economic stagnation
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GC: n

S: http://www.forbes.com/sites/steveforbes/2015/08/19/economic-stagnation-is-china-becoming-the-next-japan/ (last access: 23 September 2015); http://www.theglobeandmail.com/globe-debate/economic-stagnation-is-here-to-stay/article23949998/ (last access: 23 September 2015).

N: 1. economic (adj): 1590s, “pertaining to management of a household,” perhaps shortened from economical, or else from French économique or directly from Latin oeconomicus “of domestic economy,” from Greek oikonomikos “practiced in the management of a household or family” (also the name of a treatise by Xenophon on the duties of domestic life), hence, “frugal, thrifty,” from oikonomia “household management” (see economy (n.)). Meaning “relating to the science of economics” is from 1835 and now is the main sense, economical retaining the older one of “characterized by thrift.”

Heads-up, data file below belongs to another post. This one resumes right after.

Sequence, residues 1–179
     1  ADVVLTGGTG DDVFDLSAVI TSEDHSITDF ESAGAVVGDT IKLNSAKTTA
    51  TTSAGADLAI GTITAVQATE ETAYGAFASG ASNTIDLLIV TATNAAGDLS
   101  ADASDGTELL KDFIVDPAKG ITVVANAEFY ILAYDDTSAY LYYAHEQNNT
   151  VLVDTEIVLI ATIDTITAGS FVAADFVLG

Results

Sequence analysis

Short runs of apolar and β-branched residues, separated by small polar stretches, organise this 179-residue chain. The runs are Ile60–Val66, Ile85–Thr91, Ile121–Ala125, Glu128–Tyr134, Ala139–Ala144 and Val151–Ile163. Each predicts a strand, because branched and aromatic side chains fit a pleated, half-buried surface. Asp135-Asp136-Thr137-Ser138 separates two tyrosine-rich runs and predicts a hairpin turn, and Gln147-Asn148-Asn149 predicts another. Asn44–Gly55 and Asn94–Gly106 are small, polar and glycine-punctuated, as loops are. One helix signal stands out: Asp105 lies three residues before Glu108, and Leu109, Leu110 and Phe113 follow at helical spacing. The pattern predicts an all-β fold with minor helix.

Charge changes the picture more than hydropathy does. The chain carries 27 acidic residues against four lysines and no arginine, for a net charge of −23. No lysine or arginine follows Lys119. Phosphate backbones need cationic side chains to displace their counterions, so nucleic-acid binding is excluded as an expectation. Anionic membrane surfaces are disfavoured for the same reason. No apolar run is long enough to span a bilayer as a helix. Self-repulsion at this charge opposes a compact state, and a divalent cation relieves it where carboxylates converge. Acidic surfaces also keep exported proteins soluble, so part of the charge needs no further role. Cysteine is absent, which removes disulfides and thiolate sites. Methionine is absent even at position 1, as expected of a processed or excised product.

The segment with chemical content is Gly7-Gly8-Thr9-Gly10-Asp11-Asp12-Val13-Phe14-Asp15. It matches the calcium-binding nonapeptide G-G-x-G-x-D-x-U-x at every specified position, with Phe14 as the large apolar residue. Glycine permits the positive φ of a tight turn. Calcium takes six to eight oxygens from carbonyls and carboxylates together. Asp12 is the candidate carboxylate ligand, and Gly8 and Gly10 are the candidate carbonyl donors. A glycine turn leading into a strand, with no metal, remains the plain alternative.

stagnation (n): 1660s, noun of action from stagnate (v.).
stagnate (v): 1660s, from Latin stagnatum, stagnatus, past participle of stagnare “to stagnate,” from stagnatum “standing water, pond, swamp,” perhaps from a PIE root *stag- “to seep drip”. Figurative use by 1709. Related: Stagnated; stagnating.
2. A prolonged period of little or no growth in the economy. Economic growth of less than 2 to 3% annually is considered stagnation. Periods of stagnation are also marked by high unemployment and involuntary part-time employment. Stagnation can also occur on a smaller scale in specific industries or companies or with wages.
3. Often called simply “stagnation”.

S: 1. OED – http://www.etymonline.com/index.php?allowed_in_frame=0&search=economic&searchmode=none; http://www.etymonline.com/index.php?allowed_in_frame=0&search=stagnation&searchmode=none; http://www.etymonline.com/index.php?allowed_in_frame=0&search=stagnate&searchmode=none (last access: 23 September 2015). 2. http://www.investopedia.com/terms/s/stagnation.asp (last access: 23 September 2015). 3. FCB.

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CR: marasmus, stagnation.